Assaad Zoukari once described his work as “giving a clear vision [of] folklore,” explaining that he studied the shapes and lines of previous generations of artists – including Arabesque styles and calligraphy – all of which inspired his geometric way of painting. 

Born in Damascus, Assaad Zoukari (1930–2020) studied art in Alexandria at the studios of Egyptian artist Saif Wanli and Italian artist Ottorino Bicchi, where he drew from live models from 1952–53. This was accompanied by a civil engineering degree at the University of Alexandria in 1958. Zoukari’s artistic style was influenced by folk art and its aesthetics – a visual and literary heritage that tells stories about love, war and courage. With graphic forms and shapes, his paintings have linear borders that separate colours, bringing the composition together with a sense of fluidity.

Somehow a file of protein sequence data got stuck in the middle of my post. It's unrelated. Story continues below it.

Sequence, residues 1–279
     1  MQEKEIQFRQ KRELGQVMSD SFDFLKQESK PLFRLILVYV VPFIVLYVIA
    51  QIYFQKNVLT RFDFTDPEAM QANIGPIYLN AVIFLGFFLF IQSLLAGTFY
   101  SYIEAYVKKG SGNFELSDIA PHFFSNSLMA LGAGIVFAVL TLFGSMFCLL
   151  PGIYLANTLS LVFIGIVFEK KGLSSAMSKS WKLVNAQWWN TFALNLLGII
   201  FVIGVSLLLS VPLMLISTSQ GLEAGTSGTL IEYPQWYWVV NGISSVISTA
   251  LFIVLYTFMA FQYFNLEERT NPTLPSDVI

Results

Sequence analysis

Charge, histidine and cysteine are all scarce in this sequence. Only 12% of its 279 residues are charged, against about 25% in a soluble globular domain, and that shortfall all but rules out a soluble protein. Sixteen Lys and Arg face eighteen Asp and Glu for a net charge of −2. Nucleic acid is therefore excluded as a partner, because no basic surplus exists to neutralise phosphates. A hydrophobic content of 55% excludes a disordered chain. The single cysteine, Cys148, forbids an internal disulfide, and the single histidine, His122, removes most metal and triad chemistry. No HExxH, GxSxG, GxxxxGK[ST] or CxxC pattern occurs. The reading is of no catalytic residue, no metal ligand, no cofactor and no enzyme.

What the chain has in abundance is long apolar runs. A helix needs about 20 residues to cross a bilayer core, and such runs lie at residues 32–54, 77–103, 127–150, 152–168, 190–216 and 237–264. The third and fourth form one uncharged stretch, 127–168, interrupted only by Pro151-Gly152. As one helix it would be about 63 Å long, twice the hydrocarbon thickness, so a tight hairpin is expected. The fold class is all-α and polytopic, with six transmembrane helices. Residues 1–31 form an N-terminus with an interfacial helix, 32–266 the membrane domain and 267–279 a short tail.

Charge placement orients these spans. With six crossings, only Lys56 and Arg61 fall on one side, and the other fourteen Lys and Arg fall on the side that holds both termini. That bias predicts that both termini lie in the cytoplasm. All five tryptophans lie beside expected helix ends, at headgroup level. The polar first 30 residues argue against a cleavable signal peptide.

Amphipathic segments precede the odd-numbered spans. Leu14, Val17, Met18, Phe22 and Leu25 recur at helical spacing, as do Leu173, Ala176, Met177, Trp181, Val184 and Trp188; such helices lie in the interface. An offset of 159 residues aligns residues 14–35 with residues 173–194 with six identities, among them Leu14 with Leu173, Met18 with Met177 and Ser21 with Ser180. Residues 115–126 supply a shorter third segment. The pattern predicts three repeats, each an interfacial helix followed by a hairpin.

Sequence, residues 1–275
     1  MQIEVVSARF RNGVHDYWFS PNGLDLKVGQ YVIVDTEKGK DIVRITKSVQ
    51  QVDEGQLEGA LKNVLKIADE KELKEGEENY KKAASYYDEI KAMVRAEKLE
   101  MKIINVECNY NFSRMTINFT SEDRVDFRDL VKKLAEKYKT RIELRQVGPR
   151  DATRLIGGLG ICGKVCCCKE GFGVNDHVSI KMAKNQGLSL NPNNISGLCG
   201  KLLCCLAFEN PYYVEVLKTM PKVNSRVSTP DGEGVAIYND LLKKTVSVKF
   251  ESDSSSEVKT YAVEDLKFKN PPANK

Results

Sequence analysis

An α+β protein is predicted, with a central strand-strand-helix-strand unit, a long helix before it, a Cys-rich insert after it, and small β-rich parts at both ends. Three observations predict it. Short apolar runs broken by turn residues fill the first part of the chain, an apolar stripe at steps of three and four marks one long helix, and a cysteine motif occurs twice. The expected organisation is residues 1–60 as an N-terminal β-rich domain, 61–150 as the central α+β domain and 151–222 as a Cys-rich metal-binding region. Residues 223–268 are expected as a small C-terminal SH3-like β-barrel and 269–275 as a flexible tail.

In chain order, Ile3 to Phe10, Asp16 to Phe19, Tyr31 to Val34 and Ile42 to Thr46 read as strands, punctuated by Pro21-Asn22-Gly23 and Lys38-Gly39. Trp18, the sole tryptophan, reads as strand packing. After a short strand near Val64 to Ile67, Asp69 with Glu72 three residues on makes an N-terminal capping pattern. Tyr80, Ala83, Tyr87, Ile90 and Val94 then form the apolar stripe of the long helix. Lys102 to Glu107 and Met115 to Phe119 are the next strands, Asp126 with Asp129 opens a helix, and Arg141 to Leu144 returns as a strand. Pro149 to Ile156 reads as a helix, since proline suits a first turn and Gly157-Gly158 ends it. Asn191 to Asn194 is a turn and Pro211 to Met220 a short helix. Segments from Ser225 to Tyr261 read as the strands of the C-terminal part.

Zoukari worked and held solo and group exhibitions for more than 50 years, playing an important role in the Syrian modernist movement. In 1956, his solo show at the National Museum of Damascus was a defining moment early in his career. In 2021, a retrospective book was published that celebrated his lengthy career with essays from key artists and critics.